The Federal Railroad Administration (FRA) last month launched a new web request page for train bridge safety inquiries. Now state and local officials can request information about the safety of railroad bridges in their communities.
Once the request has been filed with the FRA, the railroad has 30 days to provide a safety report.
According to FRA Administrator Sarah Feinberg, the FRA has urged railroads in the past to be more transparent and responsive to state and local leaders that are concerned about the condition of railroad bridges in their communities. She noted that providing these safety reports on local bridges is an excellent first step but more needs to be done.
The FRA also has requested more funding to double its bridge specialist staff and to create a rail bridge inventory throughout the US.
The Fixing America’s Surface Transportation Act signed by President Obama last year mandates that railroads provide safety information about railroad bridges to state and local officials on a regular basis.
Our railroad accident attorneys in Virginia and North Carolina are familiar with how railroads will cut corners on safety to increase profit margins. Sometimes they will do this by leasing part of their railroad line to a short line railroad. This means they no longer have to spend money on maintaining that section of track. So, the railroad can save maintenance costs and blame the small railroad company for any accidents that occur.
Or, the railroad will fail to properly inspect and maintain railroad bridges to save money. That is why we support the FRA’s recent action to make it easier to obtain safety reports about railroad bridges.
There are times when railroads will neglect public and worker safety and it leads to serious accidents We once handled a case where a railroad bridge worker had his lower leg crushed by 1600 pound bridge timber. The railroad eventually accepted that it was at fault, but it would not offer a settlement higher than $400,000 during mediation. So, our Virginia railroad accident lawyers went to trial and eventually the young man won a verdict of $1.5 million.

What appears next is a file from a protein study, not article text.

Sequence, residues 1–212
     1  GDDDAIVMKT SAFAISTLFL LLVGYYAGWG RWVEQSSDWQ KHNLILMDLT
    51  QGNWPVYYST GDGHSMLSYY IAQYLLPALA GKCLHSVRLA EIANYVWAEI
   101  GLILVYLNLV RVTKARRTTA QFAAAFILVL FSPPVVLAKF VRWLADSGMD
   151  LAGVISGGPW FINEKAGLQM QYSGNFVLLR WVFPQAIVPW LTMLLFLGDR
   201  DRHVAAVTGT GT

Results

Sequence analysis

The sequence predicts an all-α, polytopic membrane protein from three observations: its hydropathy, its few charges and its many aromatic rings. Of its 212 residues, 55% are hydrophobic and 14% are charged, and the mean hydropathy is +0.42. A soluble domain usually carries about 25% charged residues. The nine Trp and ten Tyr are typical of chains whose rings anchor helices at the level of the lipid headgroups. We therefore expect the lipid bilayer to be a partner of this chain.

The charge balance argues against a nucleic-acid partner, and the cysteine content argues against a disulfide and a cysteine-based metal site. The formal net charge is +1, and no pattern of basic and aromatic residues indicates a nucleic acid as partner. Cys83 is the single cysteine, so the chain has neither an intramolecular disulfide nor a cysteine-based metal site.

Metro-North, a major commuter railroad line in the New York City metro region, reported this week that both customer and employee injuries increased in 2015.
Statistics show that total employee injuries are up by 9.5% from 2014. Meanwhile, Federal Railroad Administration (FRA) reportable injuries have increased by 1.7%.
However, injuries for customers on Metro-North increased in 2015 by 30%.
Metro-North officials said that the increase of accidents is partially caused by expanded incident reporting requirements. This was ordered by local officials after more accidents in 2013.
The statistics stated that there were 360 customer injuries on the line in 2015, which is the second most ever in a five year period. More than half of that increase was due to a major train crash in Valhalia NY, which killed six and injured 46.
FRA asked Metro-North two years ago to expand what it considers a reportable injury to customers. In the past, injury reports were anything that occurred on the train or platform. Now, customer injury statistics reflect any injuries that occur inside a terminal.
Regarding employee injuries, while the FRA reportable injuries were up only 1.7%, total employee injuries were up by over 9%. The rail line believes that could be attributed to its implementation of the Confidential Close Call Reporting System, which allows employees to report safety issues privately.
Our railroad injury attorneys in Virginia Beach are glad to see that there is a stronger emphasis at Metro-North on employee and public safety. As our attorney Richard Shapiro wrote in 72 American Jurisprudence Trials, found in most of the nation’s law libraries, on page 37, preventing railroad injuries requires strong regulations, railroad emphasis on safety and more:
“The prevention of injuries requires effectively implemented railroad safety and health programs, union support, and an appropriate level of governmental regulation. Railroads, unions, and the government share the common goal of reducing casualties in the railroad industry. In addition, all seek to ensure that injured employees are adequately and appropriately compensated. All of these are a part of national efforts to prevent injuries among railroad employees. There has been friction between the railroads and the workforce as to whether railroads are “reporting” all worker injuries or illnesses to the FRA as legally required.”
As the treatise also notes, injuries are not usually FRA reportable unless the injuries require medical attention or prescription medication.
As we have seen in some of our railroad worker injury cases, serious injuries can occur when the railroad neglects safety, such as this $825,000 settlement where the railroad worker suffered a serious injury due to a loose ladder on a train car.